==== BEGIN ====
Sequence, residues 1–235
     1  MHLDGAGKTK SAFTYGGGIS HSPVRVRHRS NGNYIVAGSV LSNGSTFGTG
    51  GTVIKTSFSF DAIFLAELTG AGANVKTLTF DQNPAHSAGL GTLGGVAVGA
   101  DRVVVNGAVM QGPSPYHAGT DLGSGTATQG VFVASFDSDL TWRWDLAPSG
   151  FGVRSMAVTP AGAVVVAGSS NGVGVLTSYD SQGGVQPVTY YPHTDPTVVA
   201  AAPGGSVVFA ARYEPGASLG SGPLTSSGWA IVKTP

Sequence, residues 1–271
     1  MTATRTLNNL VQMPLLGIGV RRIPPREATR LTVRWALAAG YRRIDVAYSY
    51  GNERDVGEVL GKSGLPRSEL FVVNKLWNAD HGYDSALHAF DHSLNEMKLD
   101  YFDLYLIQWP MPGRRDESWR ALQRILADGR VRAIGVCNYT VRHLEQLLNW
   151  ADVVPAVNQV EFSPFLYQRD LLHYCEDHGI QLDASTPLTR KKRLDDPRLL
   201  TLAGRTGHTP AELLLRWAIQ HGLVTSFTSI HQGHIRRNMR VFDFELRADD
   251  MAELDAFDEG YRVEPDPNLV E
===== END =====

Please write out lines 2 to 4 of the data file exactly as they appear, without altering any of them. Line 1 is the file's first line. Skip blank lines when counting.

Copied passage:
     1  MHLDGAGKTK SAFTYGGGIS HSPVRVRHRS NGNYIVAGSV LSNGSTFGTG
    51  GTVIKTSFSF DAIFLAELTG AGANVKTLTF DQNPAHSAGL GTLGGVAVGA
   101  DRVVVNGAVM QGPSPYHAGT DLGSGTATQG VFVASFDSDL TWRWDLAPSG